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The number of workers on strike hits the highest since the 1980s

CNBC logo CNBC 10/21/2019 Olivia Raimonde
a person standing in front of a fence: Striking United Auto Workers member Anesha Towell keeps warm at a burn barrel while picketing at the General Motors Detroit-Hamtramck Assembly in Detroit, Michigan, October 17, 2019. © Provided by CNBC LLC Striking United Auto Workers member Anesha Towell keeps warm at a burn barrel while picketing at the General Motors Detroit-Hamtramck Assembly in Detroit, Michigan, October 17, 2019.

With unemployment rates at record lows, the number of people who have gone on strike in the U.S. has soared.

The number of striking workers ballooned to nearly 500,000 in 2018, up from about 25,000 in 2017, according to the Bureau of Labor Statistics. This is the most people who have walked out on work since the mid-1980s.

As employment numbers have rapidly risen over the 10-year expansion, wages have struggled to keep up. And as the labor market tightens, workers are becoming more confident to strike for better salaries and benefits.

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In September, workers for General Motors walked out in what has now become the company's longest strike in decades. The strike began after the auto manufacturer failed to reach an agreement with the labor union, United Auto Workers, over its workers' labor contract. The walkout is estimated to have cost General Motors upwards of $2 billion, according to Bank of America.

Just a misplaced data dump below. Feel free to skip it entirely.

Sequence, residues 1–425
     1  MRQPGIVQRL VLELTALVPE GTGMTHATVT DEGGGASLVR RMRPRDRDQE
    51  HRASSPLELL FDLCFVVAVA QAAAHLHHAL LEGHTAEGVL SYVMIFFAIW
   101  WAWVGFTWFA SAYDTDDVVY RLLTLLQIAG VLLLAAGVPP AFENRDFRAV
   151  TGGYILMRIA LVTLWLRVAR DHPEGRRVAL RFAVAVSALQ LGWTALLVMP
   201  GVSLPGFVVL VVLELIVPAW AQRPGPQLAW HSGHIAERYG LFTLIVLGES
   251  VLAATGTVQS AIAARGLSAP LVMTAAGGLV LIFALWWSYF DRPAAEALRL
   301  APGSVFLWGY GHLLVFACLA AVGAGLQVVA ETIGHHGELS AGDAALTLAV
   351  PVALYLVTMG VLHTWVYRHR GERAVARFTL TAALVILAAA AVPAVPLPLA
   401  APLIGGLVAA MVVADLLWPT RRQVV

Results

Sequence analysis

Not only are people striking, but the number of people who have voluntarily quit their job hit an all-time in July, which can be viewed as a measure of job market confidence. The percent of striking workers in the total workforce is currently at about 0.3% compared to 0.4% in the mid-1980s.

Workers are feeling left behind in the expansion. As the gap between executive salaries and worker pay expands, more people are becoming discontent. In the recovery, corporate profits stabilized long before household income, acting as a spark for the surge in strikes, according to the New York Times, who was the first to report on this data.

General Motors workers aren't the only ones walking out on the job.  About 3,500 Mack Truck employees are currently striking across three states for the first time 35 years over their contracts. The United Auto Workers is working to negotiate better contract terms on issues ranging from wage increases and holiday schedules to health care coverage and retirement benefits.

Among other notable actions, Chicago public school teachers went on strike in October, demanding higher salaries, better benefits and more resources for the classroom. The strike effectively canceled classes for approximately 361,000 students.

Leading up to the 2020 presidential election, worker pay and employee benefits have been a center campaign point for a growing number of politicians, including Elizabeth Warren and Bernie Sanders. In August, CEO's from nearly 200 companies said that shareholders should no longer be the main focus of businesses and that companies should be focusing more on investing in stakeholders such as employees and customers.

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